Yes, folks, we’ve once again arrived at that terrible time of the year, testing season in Minnesota! That’s right, Minnesota does not have just winter and construction seasons, but for most of the students, they also encounter testing time between March and May. My long-time readers know my feelings on required standardized testing, but for those late to the party, let’s go over a brief review.
The law says that all students in grades 3-8 need to take tests in reading and math yearly. There must also be reading and math tests given at some point in high school as well as science tests at three different points. Schools are judged on the results of these tests, though students are not held accountable in any way.
And there’s the rub. Schools and teachers are constantly held accountable for everything that happens. And we should be. We have one of the most important jobs in the world. But the accountability of the students has deteriorated greatly over the course of time. Every year I have students ask, “Will I fail this class if I don’t pass my MCA test?” The answer is no. Absolutely nothing bad can happen to you for doing poorly.
Now in some ways, that’s okay. I have students who will never pass an MCA reading test at grade level. The same is true for math teachers. But are they showing improvement over the previous year? That’s been my focus for many years. If reading is a real struggle for a student, especially for those who are serviced by special education, we have to have realistic goals. It was so gratifying this year to see some of my students who really find reading tough brighten up when I showed them they had improved by even a few points. They had worked hard for me all year and were rewarded by this result.
But then there are the kids who just don’t care. I watched as a couple of kids finished their reading tests in one sitting, when we provided four sessions in which to complete the MCA test. Did they care one lick? Of course not: if there wasn’t a negative repercussion, they didn’t care. Even when offering some positive reinforcement in the form of various rewards for even showing one point of improvement, they were not motivated enough to put forth any effort other than what it took to randomly choose answers.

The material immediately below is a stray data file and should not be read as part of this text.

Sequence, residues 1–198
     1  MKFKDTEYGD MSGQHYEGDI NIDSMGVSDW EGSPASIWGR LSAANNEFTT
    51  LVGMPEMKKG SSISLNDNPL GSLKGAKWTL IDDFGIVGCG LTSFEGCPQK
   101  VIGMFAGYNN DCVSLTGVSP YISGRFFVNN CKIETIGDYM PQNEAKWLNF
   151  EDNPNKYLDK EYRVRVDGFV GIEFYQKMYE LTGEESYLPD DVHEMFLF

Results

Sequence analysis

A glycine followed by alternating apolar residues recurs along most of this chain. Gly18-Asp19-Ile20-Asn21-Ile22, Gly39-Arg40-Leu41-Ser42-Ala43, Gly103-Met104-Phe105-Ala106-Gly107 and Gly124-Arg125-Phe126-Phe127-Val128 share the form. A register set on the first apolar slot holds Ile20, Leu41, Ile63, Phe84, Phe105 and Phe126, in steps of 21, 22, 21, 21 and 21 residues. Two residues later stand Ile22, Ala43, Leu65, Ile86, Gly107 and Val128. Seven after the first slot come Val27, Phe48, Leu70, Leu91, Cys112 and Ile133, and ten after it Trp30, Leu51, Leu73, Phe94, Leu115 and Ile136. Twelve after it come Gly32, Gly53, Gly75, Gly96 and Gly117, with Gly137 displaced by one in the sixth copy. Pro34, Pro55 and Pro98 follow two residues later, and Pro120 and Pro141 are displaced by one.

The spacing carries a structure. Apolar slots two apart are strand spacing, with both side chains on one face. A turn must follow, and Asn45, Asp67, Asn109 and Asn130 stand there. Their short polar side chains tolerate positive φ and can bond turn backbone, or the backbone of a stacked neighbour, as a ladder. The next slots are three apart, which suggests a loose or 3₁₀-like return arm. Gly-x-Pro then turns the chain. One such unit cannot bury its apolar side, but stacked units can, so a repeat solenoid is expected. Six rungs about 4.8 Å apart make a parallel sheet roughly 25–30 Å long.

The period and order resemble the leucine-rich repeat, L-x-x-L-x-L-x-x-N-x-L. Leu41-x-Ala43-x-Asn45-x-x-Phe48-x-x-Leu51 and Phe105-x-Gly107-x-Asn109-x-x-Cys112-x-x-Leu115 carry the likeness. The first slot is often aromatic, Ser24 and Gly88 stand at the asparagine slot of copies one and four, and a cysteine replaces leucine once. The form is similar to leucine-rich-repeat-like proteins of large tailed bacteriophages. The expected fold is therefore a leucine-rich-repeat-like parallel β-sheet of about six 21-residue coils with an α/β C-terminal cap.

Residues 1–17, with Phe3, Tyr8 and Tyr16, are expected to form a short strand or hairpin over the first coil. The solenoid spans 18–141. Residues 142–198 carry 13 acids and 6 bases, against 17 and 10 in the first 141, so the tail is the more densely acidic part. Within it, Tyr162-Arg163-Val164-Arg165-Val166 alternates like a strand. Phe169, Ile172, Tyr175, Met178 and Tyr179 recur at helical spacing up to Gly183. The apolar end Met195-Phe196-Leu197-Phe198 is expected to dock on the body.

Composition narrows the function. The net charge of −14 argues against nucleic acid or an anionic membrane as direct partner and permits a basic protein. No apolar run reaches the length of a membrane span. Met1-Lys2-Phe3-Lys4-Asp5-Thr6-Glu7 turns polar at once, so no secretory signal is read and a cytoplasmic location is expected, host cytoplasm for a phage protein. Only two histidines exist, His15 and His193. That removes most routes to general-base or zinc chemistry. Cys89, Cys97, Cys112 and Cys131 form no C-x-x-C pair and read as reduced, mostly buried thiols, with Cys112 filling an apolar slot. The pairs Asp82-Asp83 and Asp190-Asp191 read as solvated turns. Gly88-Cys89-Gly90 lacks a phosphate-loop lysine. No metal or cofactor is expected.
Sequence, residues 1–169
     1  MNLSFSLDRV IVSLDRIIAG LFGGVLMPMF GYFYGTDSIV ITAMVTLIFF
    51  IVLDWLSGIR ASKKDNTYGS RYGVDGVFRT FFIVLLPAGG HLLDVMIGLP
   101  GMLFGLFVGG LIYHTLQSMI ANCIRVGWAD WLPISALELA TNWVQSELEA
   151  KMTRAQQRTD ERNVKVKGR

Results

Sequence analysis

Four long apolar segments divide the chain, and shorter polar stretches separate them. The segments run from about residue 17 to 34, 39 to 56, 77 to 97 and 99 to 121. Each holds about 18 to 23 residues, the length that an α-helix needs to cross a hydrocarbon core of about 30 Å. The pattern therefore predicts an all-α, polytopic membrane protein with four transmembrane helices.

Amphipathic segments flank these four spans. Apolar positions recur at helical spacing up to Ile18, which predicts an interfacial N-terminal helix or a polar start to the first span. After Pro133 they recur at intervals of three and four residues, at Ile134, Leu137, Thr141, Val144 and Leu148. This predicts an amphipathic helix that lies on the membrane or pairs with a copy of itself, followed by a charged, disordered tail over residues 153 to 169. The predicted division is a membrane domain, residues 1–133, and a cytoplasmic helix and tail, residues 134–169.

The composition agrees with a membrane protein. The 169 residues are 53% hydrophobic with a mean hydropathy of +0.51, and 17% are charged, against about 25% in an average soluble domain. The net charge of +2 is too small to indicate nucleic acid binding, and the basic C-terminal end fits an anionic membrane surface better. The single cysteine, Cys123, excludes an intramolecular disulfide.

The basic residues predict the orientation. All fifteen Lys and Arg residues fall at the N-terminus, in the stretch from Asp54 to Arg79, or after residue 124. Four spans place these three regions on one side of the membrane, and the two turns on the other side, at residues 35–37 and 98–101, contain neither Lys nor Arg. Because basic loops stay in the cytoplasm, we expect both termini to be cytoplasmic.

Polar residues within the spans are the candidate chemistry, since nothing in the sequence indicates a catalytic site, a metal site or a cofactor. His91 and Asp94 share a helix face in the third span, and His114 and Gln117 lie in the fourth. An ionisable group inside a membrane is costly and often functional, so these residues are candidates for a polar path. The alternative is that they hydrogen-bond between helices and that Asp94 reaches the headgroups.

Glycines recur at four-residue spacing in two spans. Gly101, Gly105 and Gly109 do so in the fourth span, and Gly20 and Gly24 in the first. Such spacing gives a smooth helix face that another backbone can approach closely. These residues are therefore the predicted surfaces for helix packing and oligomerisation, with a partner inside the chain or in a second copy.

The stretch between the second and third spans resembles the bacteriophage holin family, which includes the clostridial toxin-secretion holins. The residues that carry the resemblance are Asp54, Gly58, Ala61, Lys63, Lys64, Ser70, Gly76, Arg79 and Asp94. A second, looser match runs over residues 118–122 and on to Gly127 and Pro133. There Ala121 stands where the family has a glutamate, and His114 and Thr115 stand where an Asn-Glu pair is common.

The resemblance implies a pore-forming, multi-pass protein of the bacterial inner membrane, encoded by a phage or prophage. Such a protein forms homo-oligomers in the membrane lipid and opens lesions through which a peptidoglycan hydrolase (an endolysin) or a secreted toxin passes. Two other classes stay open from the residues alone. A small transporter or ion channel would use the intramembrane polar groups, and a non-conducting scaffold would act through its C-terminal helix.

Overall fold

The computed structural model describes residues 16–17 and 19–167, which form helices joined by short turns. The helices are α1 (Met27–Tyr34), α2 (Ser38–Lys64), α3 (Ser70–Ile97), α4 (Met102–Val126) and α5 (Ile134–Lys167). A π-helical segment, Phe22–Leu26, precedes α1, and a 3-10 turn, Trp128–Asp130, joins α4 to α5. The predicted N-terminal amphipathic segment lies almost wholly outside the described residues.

Minnesota moved to having adaptive reading tests this year. The more questions a student got right, the more difficult the test became. I’ve long thought this is a better way to make a more accurate assessment of ability, but I had an eighth grader ask me afterwards what the words pathos and catharsis meant. At what point would any eighth grader need to know that, even if they’re very advanced?
There is a group of educators that, unbelievably, thinks we should tie school funding into 8th grade test results. I’m sorry, but as long as we have kids who just don’t care about the testing, they will not be an accurate measurement of student achievement. The funny thing is that most educators realize this fact, but our legislature and department of education keep plugging away.
I attended Lobby Day in St. Paul again this year and took the opportunity to visit with some of our legislators regarding the over-testing. They continue to listen but don’t seem to hear. I did learn something surprising though. School funding is linked in some way to testing. If we don’t have a certain percentage of kids physically take the tests, the state will take away some funding.
On the other hand, parents have the legal right to opt their children out of taking the tests. Some do this for a variety of reasons. And it’s their right! But schools can get dinged if parents choose to follow their law-given right. We have no control over that, but we’ll be punished. Yep, that makes sense.
And here’s the next step in the illogical mindset of our legislature. There is currently a bill working through that would essentially use government funds to help support private schools. These vouchers, or whatever you want to call them, would allow parents more choice in their students’ schooling at less cost.
Hey, I was pleased to go to a private school K-12. My parents sacrificed a lot so I could have smaller classes and more opportunities in addition to a religious base to my learning. They would have loved to have been given some money to help offset those costs. But to take funds away from public education, which is guaranteed to all students, and give it to schools that don’t have to accept all students is unacceptable.
But wait, there’s more! Private schools also are not required to administer the standardized tests public schools have to. There is nothing in the voucher bill that says they have to start doing this. So now our leaders want to give them money without the accountability of the public schools.
To sum up, I still dislike tests, but the strange accountability rules that go along with them make less sense all the time. Will it change anytime soon? Of course it will, but likely not for the betterment of the most important people, our students.
Word of the Week: This week’s word is analphabetic, which means illiterate, as in, “The analphabetic student dreaded the approaching standardized tests.” Impress your friends and confuse your enemies!